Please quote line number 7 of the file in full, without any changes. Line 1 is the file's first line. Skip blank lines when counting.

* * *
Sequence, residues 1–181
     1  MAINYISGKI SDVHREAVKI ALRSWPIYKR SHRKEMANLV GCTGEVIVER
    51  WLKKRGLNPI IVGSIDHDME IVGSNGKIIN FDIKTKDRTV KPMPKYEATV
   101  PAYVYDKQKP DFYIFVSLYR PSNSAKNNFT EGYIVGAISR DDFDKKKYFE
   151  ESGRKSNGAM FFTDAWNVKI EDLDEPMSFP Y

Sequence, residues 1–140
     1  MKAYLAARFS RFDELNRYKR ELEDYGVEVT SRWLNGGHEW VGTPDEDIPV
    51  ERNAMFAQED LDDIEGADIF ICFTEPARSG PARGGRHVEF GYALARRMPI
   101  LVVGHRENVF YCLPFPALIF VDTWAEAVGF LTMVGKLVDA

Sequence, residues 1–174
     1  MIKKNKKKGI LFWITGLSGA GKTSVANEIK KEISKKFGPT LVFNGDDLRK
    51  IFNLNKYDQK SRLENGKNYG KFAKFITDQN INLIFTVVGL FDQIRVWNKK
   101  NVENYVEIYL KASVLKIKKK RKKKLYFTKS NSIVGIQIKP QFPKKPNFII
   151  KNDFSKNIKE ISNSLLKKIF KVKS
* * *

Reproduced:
     1  MKAYLAARFS RFDELNRYKR ELEDYGVEVT SRWLNGGHEW VGTPDEDIPV